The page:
We heard “How Great is Our God” by Chris Tomlin in Arabic, which brought a warm and comforting familiarity in an unfamiliar place. With the electric sounds of a guitar, keyboard, bass, and drums, it reminded me of the time I visited Christian musician, Matt Redman’s church outside of London in 2000.  (Side note: As a college student in those days, I made it a point to visit his church because I craved to attend a church service in English when I was on a study abroad program in France in the spring of 2000. It brought peace in my soul back then as it did when we listened to the praise team practice that day.)

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(Photos above: Sign before entering the largest Evangelical church in Cairo. Lyrics posted on screen during praise practice at church.)

Pharoah’s Papyrus Shop

IMG_2665I am not much of a shopper with an eye for fashion, as you can quickly tell from my appearance. However, I am a huge fan of paper products (as you can tell from my post on the art of paper crafts), and what better place than Egypt to pick up a few authentic papyruses.

We witnessed a tutorial on how papyrus is made, and it was pretty neat to watch. It reminded a bit like watching a special print design made only in Florence, Italy.

IMG_2666They have four popular papyrus design choices: the tree of life, an Egyptian calendar, story about a person lying or telling the truth, and one other design that I cannot recall. The designs ranged from a modest portrait to a brightly colored glittered look. Unfortunately, we were not allowed to take additional photos inside.)

Prof had some skepticism about the authenticity of whether these papyruses were hand painted or printed, but he thought it was still cool to watch the demo on how they make the papyrus from scratch.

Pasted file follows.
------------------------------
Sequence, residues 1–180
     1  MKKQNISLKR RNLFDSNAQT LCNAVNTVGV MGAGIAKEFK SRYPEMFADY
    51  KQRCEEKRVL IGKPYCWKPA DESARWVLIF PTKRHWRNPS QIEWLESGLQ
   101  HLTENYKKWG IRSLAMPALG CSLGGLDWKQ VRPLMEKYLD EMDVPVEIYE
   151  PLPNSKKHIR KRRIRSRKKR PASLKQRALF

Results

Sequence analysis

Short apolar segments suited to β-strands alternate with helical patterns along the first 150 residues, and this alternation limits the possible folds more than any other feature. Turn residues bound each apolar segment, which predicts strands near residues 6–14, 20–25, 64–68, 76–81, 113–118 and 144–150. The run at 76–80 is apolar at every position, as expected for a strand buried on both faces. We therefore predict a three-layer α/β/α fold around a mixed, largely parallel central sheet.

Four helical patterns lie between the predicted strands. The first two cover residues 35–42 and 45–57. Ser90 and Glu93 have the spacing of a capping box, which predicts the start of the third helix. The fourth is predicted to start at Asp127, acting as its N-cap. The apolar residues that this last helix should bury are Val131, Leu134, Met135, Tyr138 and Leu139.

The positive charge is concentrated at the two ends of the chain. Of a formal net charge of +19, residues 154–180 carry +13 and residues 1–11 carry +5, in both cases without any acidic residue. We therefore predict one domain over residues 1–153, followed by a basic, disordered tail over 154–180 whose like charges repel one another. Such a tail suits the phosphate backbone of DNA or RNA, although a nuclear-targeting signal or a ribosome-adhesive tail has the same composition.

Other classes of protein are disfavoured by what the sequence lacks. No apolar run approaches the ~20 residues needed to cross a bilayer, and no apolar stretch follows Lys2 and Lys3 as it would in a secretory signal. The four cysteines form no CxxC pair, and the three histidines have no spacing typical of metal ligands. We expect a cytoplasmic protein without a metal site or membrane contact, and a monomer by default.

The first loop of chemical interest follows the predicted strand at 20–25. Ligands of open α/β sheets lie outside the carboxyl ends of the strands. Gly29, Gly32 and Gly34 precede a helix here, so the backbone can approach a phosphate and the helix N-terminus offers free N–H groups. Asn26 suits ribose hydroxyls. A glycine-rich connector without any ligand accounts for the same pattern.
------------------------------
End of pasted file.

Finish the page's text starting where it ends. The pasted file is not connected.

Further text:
Dinner/Boat Cruise on the Nile

IMG_2668After another long nap at the hotel, we drove to the Nile Crystal, a boat cruise that served a buffet dinner with a live cover band and dance performers.

Overall, the buffet was decent. The live cover band was pretty cheesy, and the belly dancer a bit inauthentic. However, everyone on the boat probably will agree that the best performance of the night was the Tanoura spin dancer. This guy did not stop spinning himself, circular objects, or skirt the entire time during his performance. He walked about the dining hall with a spinning skirt above everyone’s heads. It must take some serious muscle strength to get through a performance like that for us in the lower level and then again for the other guests in the upper level.

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(Photos above: fresh mango juice, delectable Egyptian desserts, an assortment of food choices at the buffet.)

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(Photos above: Tanoura spin dancer spinning around the entire cabin of the dining hall.)

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(Photos above: Piano Man really enjoying the show. Other dinner guests watching the performance.)

The highlight of the cruise was watching the dark midnight blue waters of the Nile River in the night skyline.  I don’t think there would have been another time in which we could have gone to see the Nile River, up close and personal.


(Photo above: Beautiful night skyline in Cairo.)

Our boys passed out from all the fun, and it turned out to be so worth it.